Before he took a job at the Justice Department, Whitaker wrote an op-ed saying Mueller “is dangerously close to crossing” a “red line” in the Russia probe if he looked at Trump or his family’s finances.
“It does not take a lawyer or even a former federal prosecutor like myself to conclude that investigating Donald Trump's finances or his family's finances falls completely outside of the realm of his 2016 campaign and allegations that the campaign coordinated with the Russian government or anyone else,” Whitaker wrote. “That goes beyond the scope of the appointment of the special counsel.”
In March 2017, Sessions announced his plans to recuse himself after reports surfaced detailing undisclosed conversations with Russian ambassador Sergey Kislyak during the campaign. Sessions has said he was acting in his capacity as a Republican senator from Alabama.
At the time of his recusal, Sessions said he met with the “relevant senior career department officials” to discuss the issue.
“Having concluded those meetings today, I have decided to recuse myself from any existing or future investigations of any matters related in any way to the campaigns for president of the United States,” Sessions said.
Deputy Attorney General Rod Rosenstein then took control of the investigation and decided to appoint Mueller to take over the probe.
Sessions’ former Senate colleagues on Wednesday praised him for his service.
“I thank Jeff Sessions for his dedicated service as attorney general," Senate Majority Leader Mitch Mitch McConnell, R-Ky., said. "Throughout his career, as a prosecutor, a senator and as attorney general, he remained steadfast in his commitment to the rule of law and his love of our great nation. I wish him well and look forward to working with him in any future endeavors.”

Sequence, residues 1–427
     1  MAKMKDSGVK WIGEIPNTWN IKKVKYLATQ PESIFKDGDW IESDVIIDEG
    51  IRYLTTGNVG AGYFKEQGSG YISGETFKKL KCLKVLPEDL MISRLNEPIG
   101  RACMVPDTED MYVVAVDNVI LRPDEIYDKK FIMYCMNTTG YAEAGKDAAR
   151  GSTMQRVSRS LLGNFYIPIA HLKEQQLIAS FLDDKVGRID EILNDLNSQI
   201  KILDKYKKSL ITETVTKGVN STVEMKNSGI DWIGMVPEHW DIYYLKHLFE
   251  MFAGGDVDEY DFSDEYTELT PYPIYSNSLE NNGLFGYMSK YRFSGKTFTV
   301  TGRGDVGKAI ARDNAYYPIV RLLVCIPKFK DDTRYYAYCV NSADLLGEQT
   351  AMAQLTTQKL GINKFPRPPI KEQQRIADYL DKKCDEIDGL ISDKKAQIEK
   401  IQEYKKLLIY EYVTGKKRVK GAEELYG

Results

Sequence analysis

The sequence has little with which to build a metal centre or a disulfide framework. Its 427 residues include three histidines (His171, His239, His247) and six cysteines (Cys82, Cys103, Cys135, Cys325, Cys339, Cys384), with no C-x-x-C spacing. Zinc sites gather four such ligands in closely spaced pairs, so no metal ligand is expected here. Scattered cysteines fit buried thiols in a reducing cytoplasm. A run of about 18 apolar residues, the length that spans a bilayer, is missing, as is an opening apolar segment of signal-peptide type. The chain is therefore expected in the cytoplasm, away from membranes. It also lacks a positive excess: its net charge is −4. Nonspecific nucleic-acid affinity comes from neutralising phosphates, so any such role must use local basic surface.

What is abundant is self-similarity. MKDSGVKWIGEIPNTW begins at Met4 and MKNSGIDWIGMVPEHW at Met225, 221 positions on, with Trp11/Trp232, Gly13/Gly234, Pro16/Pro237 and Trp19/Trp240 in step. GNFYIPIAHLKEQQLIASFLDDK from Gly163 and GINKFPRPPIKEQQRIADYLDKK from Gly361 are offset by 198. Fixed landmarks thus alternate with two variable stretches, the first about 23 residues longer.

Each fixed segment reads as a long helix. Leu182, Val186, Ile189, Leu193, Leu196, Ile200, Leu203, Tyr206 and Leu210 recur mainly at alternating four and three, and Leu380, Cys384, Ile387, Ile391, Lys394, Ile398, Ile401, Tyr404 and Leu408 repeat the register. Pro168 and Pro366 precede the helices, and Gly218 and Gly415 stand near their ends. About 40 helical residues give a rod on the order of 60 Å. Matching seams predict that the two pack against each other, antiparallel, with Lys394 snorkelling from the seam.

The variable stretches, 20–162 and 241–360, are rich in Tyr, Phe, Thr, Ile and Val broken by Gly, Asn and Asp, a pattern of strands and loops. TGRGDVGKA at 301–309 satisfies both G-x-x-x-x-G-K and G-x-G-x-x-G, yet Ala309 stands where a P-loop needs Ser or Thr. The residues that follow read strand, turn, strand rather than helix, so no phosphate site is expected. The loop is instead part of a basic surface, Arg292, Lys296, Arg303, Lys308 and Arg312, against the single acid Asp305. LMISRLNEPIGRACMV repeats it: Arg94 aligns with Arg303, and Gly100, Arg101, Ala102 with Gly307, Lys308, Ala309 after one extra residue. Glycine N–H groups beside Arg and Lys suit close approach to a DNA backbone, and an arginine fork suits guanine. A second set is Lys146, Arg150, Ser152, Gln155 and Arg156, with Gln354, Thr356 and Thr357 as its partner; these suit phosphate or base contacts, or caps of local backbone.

Sessions also had his critics -- especially from civil libertarians and others who disagreed with his hardline stance against illegal immigration.
“Jeff Sessions was the worst attorney general in modern American history,” American Civil Liberties Union executive director Anthony D. Romero said Wednesday.
Trump’s falling out with Sessions was remarkable, considering the pivotal and trusted role the Alabama Republican played for Trump during the campaign.
Sessions -- who bonded with Trump over their populist views on trade and immigration -- became the first sitting senator to endorse Trump in February 2016 when he announced his support of the New York businessman’s then-underdog campaign.
The endorsement was seen as a blow to Texas Sen. Ted Cruz, Trump’s conservative rival in the Republican race whose path to victory included a strong performance in Southern states. Trump won Alabama.
Sessions went on to become one of Trump’s most outspoken and prominent surrogates during the campaign. A number of Sessions’ top staffers – including Rick Dearborn and Stephen Miller – took senior White House roles. When other Republicans abandoned Trump after the release of the “Access Hollywood” tape just days before the general election, Sessions stood by Trump.
After Trump won the White House, Sessions, who faced no opposition in his 2014 re-election to the Senate, gave up a safe seat to become Trump’s attorney general.
During his confirmation hearing, Sessions denied accusations from Democrats that he had made racially insensitive statements in the past. Though most Democrats voted against their former colleague, his confirmation was seen as redemption for Sessions, whose nomination for a 1986 federal judgeship was rejected by the Senate Judiciary Committee at the time.
As attorney general, Sessions cracked down on illegal immigration, vowing to enforce federal law.
Fox News' John Roberts and Chad Pergram contributed to this report.